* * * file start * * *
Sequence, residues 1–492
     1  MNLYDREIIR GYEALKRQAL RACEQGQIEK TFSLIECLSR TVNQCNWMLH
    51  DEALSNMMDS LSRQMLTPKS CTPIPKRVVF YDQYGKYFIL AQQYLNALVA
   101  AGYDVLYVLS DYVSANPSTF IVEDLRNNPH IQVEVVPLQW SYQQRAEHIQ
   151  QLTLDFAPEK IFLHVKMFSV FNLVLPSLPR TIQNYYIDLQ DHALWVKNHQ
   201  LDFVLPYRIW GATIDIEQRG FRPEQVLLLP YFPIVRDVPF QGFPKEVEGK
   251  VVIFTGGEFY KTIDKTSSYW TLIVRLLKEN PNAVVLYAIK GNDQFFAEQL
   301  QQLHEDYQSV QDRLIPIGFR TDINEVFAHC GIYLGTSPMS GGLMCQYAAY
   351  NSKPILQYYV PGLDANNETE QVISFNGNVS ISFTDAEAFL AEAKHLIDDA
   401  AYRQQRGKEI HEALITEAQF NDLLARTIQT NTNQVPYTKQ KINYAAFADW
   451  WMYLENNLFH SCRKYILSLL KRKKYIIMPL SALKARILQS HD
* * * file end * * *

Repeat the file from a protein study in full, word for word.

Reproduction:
Sequence, residues 1–492
     1  MNLYDREIIR GYEALKRQAL RACEQGQIEK TFSLIECLSR TVNQCNWMLH
    51  DEALSNMMDS LSRQMLTPKS CTPIPKRVVF YDQYGKYFIL AQQYLNALVA
   101  AGYDVLYVLS DYVSANPSTF IVEDLRNNPH IQVEVVPLQW SYQQRAEHIQ
   151  QLTLDFAPEK IFLHVKMFSV FNLVLPSLPR TIQNYYIDLQ DHALWVKNHQ
   201  LDFVLPYRIW GATIDIEQRG FRPEQVLLLP YFPIVRDVPF QGFPKEVEGK
   251  VVIFTGGEFY KTIDKTSSYW TLIVRLLKEN PNAVVLYAIK GNDQFFAEQL
   301  QQLHEDYQSV QDRLIPIGFR TDINEVFAHC GIYLGTSPMS GGLMCQYAAY
   351  NSKPILQYYV PGLDANNETE QVISFNGNVS ISFTDAEAFL AEAKHLIDDA
   401  AYRQQRGKEI HEALITEAQF NDLLARTIQT NTNQVPYTKQ KINYAAFADW
   451  WMYLENNLFH SCRKYILSLL KRKKYIIMPL SALKARILQS HD